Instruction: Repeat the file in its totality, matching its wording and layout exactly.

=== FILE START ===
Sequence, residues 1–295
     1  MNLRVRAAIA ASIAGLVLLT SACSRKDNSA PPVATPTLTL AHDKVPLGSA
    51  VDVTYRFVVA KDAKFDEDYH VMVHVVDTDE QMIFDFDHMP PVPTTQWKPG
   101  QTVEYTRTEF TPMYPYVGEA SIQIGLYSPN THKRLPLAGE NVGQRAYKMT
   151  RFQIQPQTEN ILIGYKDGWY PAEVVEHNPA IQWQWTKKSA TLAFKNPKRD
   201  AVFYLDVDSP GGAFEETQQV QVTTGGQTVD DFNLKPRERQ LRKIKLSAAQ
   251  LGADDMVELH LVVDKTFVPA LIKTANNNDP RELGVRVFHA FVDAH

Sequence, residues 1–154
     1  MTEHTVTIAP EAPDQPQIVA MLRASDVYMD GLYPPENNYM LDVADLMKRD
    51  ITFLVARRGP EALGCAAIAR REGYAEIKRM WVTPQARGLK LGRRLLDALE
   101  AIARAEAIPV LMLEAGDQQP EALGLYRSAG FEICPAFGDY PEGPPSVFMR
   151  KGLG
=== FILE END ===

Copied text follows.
Sequence, residues 1–295
     1  MNLRVRAAIA ASIAGLVLLT SACSRKDNSA PPVATPTLTL AHDKVPLGSA
    51  VDVTYRFVVA KDAKFDEDYH VMVHVVDTDE QMIFDFDHMP PVPTTQWKPG
   101  QTVEYTRTEF TPMYPYVGEA SIQIGLYSPN THKRLPLAGE NVGQRAYKMT
   151  RFQIQPQTEN ILIGYKDGWY PAEVVEHNPA IQWQWTKKSA TLAFKNPKRD
   201  AVFYLDVDSP GGAFEETQQV QVTTGGQTVD DFNLKPRERQ LRKIKLSAAQ
   251  LGADDMVELH LVVDKTFVPA LIKTANNNDP RELGVRVFHA FVDAH

Sequence, residues 1–154
     1  MTEHTVTIAP EAPDQPQIVA MLRASDVYMD GLYPPENNYM LDVADLMKRD
    51  ITFLVARRGP EALGCAAIAR REGYAEIKRM WVTPQARGLK LGRRLLDALE
   101  AIARAEAIPV LMLEAGDQQP EALGLYRSAG FEICPAFGDY PEGPPSVFMR
   151  KGLG